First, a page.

As promised, I returned a few weeks later with my children and a special surprise: a photo album filled with pictures from our original Monday visits so many years ago. Tal was elated, and studied each and every picture, smiling wider and brighter every time he turned a page.

This past April, ALEH invited us to the organization’s first-ever Jerusalem march to increase public awareness of the disabled. A procession of over three hundred marchers, including ALEH’s amazing kids, their families, caregivers, and volunteers and friends from around the globe, set out from the Jerusalem facility to cross over the Jerusalem Chords Bridge. My family proudly marched with Tal. I was deeply moved by the event, and I was happy to see that my whole family thoroughly enjoyed it as well.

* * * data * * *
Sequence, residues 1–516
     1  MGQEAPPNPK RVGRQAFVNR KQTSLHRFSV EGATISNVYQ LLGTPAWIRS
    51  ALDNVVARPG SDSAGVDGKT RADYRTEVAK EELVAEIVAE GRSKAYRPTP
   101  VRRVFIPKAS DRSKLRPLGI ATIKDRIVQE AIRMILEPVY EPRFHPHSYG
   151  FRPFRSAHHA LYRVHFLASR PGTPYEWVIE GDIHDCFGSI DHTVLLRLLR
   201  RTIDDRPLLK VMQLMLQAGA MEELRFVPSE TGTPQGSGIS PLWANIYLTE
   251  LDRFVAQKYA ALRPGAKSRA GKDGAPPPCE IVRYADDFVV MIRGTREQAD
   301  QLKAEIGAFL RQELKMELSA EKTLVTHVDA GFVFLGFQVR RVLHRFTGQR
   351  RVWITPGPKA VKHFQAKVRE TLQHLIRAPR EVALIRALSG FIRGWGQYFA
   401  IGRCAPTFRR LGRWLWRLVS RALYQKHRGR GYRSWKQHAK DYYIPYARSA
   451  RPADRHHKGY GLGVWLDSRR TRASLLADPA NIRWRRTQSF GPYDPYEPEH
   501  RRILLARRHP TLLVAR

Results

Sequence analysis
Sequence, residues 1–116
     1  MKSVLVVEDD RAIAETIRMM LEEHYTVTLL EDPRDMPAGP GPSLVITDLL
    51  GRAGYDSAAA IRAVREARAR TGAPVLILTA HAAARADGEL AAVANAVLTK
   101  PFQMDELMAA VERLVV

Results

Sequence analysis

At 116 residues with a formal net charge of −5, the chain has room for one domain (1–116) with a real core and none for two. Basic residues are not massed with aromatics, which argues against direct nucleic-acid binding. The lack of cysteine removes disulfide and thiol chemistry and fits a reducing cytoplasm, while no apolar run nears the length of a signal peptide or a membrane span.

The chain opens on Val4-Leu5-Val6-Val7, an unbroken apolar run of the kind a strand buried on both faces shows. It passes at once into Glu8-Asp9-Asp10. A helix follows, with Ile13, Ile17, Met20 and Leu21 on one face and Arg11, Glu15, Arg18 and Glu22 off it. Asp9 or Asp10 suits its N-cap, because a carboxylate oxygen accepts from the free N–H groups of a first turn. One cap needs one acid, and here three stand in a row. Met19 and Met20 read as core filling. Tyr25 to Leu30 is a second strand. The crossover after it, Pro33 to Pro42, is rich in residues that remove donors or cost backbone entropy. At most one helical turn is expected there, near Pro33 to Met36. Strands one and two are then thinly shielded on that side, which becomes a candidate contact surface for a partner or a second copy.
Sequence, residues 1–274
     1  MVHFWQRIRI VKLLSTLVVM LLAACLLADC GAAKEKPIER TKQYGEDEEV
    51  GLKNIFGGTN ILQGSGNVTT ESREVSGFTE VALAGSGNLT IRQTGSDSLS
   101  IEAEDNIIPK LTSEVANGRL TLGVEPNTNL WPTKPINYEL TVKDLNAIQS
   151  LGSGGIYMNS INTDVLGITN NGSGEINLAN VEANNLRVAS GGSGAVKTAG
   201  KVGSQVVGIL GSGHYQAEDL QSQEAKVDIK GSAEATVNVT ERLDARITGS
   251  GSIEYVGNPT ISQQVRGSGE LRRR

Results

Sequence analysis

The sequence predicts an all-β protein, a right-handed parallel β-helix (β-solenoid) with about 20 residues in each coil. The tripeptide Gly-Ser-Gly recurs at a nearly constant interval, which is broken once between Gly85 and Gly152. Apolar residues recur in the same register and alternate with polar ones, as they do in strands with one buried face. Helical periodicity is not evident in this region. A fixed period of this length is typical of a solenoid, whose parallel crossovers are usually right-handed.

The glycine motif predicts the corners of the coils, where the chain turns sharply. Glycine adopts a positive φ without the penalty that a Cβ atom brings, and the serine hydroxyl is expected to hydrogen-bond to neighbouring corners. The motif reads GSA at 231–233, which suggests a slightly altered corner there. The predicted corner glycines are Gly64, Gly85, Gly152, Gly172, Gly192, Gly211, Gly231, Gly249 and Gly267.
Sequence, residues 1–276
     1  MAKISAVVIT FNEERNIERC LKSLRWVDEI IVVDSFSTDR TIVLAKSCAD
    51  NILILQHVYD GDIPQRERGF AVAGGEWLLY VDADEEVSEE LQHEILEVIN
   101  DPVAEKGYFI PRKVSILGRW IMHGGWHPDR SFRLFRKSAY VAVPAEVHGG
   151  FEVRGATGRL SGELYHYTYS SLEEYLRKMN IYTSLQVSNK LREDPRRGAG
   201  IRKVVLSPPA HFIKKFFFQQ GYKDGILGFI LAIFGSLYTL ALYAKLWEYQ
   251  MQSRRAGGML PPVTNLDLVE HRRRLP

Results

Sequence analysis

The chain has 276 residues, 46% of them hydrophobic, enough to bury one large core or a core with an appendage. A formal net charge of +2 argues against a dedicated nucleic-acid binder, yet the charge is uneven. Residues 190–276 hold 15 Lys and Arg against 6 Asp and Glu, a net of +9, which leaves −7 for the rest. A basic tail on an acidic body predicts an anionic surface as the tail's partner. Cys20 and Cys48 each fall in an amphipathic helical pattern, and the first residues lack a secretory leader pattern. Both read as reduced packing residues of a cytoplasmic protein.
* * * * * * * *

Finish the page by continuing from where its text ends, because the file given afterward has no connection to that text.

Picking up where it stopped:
As we headed home, I felt a sense of completeness and deep satisfaction in knowing that I had fused the two most salient parts of my life. Tal finally got to meet my whole family (as had been his wish for many years), and my family was fortunate enough to join those lucky few who know and, thus love, Tal.

While Tal’s sixth sense is truly unique, my experience at ALEH is not unique at all. Nearly every staff member and volunteer feels enriched by the time they spend with these earthly angels, and blessed to make a connection with individuals who are so profoundly authentic, sincere and pure of spirit. As any volunteer can attest, the experience changes you from the inside out. You are forced to put down your guard, bare your soul, and strip away the layers of superficiality. Until you become someone that you can be proud of.